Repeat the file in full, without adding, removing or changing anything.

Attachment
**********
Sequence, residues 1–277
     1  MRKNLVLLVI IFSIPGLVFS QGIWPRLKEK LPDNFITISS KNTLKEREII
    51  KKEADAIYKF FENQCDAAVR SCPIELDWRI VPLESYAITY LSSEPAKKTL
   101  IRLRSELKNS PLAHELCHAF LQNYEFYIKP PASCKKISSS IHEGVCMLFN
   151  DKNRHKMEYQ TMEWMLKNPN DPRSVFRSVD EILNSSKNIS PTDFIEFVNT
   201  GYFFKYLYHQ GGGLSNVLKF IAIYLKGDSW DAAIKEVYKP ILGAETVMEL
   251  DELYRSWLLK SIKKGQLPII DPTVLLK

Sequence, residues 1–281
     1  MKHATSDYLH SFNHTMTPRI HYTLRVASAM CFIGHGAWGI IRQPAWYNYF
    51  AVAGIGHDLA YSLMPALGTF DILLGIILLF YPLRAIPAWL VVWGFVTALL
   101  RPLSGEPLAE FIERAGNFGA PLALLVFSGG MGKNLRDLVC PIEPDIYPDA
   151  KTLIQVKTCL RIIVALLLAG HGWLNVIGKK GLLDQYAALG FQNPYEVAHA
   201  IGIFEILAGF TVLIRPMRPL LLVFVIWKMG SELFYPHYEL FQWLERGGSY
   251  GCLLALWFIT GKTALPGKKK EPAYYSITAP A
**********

Sequence, residues 1–277
     1  MRKNLVLLVI IFSIPGLVFS QGIWPRLKEK LPDNFITISS KNTLKEREII
    51  KKEADAIYKF FENQCDAAVR SCPIELDWRI VPLESYAITY LSSEPAKKTL
   101  IRLRSELKNS PLAHELCHAF LQNYEFYIKP PASCKKISSS IHEGVCMLFN
   151  DKNRHKMEYQ TMEWMLKNPN DPRSVFRSVD EILNSSKNIS PTDFIEFVNT
   201  GYFFKYLYHQ GGGLSNVLKF IAIYLKGDSW DAAIKEVYKP ILGAETVMEL
   251  DELYRSWLLK SIKKGQLPII DPTVLLK

Sequence, residues 1–281
     1  MKHATSDYLH SFNHTMTPRI HYTLRVASAM CFIGHGAWGI IRQPAWYNYF
    51  AVAGIGHDLA YSLMPALGTF DILLGIILLF YPLRAIPAWL VVWGFVTALL
   101  RPLSGEPLAE FIERAGNFGA PLALLVFSGG MGKNLRDLVC PIEPDIYPDA
   151  KTLIQVKTCL RIIVALLLAG HGWLNVIGKK GLLDQYAALG FQNPYEVAHA
   201  IGIFEILAGF TVLIRPMRPL LLVFVIWKMG SELFYPHYEL FQWLERGGSY
   251  GCLLALWFIT GKTALPGKKK EPAYYSITAP A